A whopping 91% of top executives agree on the importance of soft-skills according to a 2023 LinkedIn survey. Emotional intelligence, a part of Soft-skills training, emerged as a crucial component in research conducted by Yale’s Center for Emotional Intelligence. Harvard’s Making Caring Common project emphasizes the significance of empathy, ethical decision-making, and kindness in fostering healthier relationships and communities. Google’s Project Oxygen identified that among the eight most critical qualities of its top employees, seven were soft skills, including effective communication, empathy, and the ability to collaborate across teams.

The observation on the demand for soft-skills could also be gauged from contemporary research where significant correlation has been established between the use of AI and employee unrest. A paper recently published with the ‘International journal for environmental research and public health’ documents a correlation between mental health of workers with the awareness of AI. The researchers concluded that AI awareness was linked to employee depression.

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The researchers quoted COR theory that explains four kinds of resources – objects (house), condition (marriage, status), personal (skills and traits), and energy (credit, knowledge). With most organizational processes such as hiring, appraisals, and even decision-making becoming automated, enterprises are kicking the crucial process of human-to-human communication out of the workplace.

For example, Ram and Shyam working at the same level have recently discovered the divergence in their appraisals. While Ram has received a 10 percent hike, Shyam has to be content with barely 2 percent. While the organization’s outlook page easily shows the contact details of the local HR person, Shyam can at max only reach the enterprise HR AI tool which offers zero reasonability on the burning question. Apparently installing an AI machine could backfire for the organization given how difficult it may get to compare attitudes of employees. Attitude remains an essential benchmark of comparison to countless HR processes.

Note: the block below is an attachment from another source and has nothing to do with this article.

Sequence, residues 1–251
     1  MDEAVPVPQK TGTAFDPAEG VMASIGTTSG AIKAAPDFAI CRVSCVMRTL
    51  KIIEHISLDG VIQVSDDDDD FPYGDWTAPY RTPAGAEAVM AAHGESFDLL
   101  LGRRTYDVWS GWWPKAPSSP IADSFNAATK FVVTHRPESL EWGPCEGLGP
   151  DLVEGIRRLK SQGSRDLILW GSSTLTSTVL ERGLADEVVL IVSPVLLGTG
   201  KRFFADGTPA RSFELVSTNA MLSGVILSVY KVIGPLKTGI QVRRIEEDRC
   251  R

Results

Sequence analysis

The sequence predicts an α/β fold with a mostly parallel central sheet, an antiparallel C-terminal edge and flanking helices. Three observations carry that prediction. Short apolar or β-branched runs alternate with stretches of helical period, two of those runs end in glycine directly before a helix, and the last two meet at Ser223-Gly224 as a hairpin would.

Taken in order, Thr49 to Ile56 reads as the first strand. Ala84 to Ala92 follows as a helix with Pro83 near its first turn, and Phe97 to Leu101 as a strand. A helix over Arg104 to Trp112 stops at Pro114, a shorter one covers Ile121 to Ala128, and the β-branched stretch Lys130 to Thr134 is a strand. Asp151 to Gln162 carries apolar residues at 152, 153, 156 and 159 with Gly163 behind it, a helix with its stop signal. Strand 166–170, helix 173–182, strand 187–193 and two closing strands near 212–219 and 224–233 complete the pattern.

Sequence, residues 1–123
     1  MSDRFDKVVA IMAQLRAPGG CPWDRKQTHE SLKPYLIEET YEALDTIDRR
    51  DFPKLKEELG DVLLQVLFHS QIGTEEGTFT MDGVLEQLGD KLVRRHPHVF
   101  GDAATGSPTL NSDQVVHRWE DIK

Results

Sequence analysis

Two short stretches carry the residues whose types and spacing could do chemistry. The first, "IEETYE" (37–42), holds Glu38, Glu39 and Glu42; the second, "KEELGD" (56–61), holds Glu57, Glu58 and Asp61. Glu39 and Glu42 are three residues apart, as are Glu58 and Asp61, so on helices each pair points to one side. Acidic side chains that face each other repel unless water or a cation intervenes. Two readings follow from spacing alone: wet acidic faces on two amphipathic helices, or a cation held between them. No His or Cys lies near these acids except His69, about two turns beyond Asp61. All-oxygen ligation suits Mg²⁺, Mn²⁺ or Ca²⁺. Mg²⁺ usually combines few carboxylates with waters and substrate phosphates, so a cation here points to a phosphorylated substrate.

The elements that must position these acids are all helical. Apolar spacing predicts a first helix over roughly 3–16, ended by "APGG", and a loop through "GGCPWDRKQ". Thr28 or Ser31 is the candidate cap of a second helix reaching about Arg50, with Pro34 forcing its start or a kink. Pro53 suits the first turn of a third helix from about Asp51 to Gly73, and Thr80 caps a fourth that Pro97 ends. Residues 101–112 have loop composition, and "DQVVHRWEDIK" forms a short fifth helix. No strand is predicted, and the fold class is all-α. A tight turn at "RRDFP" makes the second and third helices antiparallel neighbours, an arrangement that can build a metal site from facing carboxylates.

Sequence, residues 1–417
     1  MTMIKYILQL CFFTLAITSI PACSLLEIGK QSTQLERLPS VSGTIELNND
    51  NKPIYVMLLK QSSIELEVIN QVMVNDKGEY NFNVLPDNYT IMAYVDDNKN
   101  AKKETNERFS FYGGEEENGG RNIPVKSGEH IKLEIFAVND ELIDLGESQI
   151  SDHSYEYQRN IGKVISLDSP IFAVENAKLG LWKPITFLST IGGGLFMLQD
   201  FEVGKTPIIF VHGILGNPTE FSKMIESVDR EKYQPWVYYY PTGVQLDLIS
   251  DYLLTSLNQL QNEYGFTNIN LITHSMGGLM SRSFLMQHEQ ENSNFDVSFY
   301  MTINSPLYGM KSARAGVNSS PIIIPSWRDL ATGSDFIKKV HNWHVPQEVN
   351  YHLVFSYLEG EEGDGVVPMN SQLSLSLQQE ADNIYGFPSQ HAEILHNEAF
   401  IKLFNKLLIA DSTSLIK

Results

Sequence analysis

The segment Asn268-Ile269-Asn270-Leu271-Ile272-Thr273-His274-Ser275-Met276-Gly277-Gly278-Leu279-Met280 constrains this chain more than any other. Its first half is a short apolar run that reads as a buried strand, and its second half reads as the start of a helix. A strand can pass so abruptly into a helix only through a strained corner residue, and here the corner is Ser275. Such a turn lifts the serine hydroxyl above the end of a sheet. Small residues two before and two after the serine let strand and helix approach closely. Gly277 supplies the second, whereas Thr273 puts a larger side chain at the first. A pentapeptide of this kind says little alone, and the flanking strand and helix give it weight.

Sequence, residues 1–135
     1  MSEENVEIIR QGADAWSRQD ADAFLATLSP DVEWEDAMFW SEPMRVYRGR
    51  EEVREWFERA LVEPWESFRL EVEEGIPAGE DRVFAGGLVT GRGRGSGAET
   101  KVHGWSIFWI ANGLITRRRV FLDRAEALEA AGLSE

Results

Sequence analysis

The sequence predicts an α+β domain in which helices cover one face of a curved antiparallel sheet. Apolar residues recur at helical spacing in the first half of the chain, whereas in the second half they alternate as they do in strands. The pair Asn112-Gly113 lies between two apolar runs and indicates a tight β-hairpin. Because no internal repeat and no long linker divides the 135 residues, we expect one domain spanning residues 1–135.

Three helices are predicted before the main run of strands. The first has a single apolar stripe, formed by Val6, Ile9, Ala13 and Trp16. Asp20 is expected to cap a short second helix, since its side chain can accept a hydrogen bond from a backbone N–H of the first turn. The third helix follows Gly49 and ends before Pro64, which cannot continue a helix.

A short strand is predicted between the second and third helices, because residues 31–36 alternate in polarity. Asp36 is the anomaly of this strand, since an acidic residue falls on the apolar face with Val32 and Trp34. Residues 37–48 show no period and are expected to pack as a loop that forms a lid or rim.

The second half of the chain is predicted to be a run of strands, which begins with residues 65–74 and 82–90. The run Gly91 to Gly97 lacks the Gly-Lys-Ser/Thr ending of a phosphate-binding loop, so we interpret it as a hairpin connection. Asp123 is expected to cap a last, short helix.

Soft skills also encompass a range of interpersonal and emotional abilities, such as communication, empathy, adaptability, and teamwork, which are crucial for success in personal and professional life. The rise of artificial intelligence (AI) and automation has rightly led to concerns about the potential erosion of essential soft skills.


Although technology for years may have enabled learning, it is difficult to prove AI’s application to learning. There are countless examples of humans using technological interfaces to teach – YouTube videos, Byjus, and other interfaces that can do everything from writing to delivering personalized notes, etc. In some areas, AI can lend a superior teaching experience – coding, basic programming, advanced machine learning, logical reasoning, natural language processing, etc. However, AI may not be substantial when the topic involves culture, art, workplace communication, or even non-verbal communication. These are aspects where notions of error can be perceived as artistic beauty.